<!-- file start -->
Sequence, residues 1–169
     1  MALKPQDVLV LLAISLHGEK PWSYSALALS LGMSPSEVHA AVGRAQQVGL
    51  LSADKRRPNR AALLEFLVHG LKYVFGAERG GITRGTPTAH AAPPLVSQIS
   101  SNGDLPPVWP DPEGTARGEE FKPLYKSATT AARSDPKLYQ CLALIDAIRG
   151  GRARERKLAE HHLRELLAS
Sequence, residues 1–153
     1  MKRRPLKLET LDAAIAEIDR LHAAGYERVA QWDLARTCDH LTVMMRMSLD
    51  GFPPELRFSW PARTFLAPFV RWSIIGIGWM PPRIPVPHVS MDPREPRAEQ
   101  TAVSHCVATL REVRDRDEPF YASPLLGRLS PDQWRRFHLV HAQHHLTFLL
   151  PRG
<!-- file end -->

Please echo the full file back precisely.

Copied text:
Sequence, residues 1–169
     1  MALKPQDVLV LLAISLHGEK PWSYSALALS LGMSPSEVHA AVGRAQQVGL
    51  LSADKRRPNR AALLEFLVHG LKYVFGAERG GITRGTPTAH AAPPLVSQIS
   101  SNGDLPPVWP DPEGTARGEE FKPLYKSATT AARSDPKLYQ CLALIDAIRG
   151  GRARERKLAE HHLRELLAS
Sequence, residues 1–153
     1  MKRRPLKLET LDAAIAEIDR LHAAGYERVA QWDLARTCDH LTVMMRMSLD
    51  GFPPELRFSW PARTFLAPFV RWSIIGIGWM PPRIPVPHVS MDPREPRAEQ
   101  TAVSHCVATL REVRDRDEPF YASPLLGRLS PDQWRRFHLV HAQHHLTFLL
   151  PRG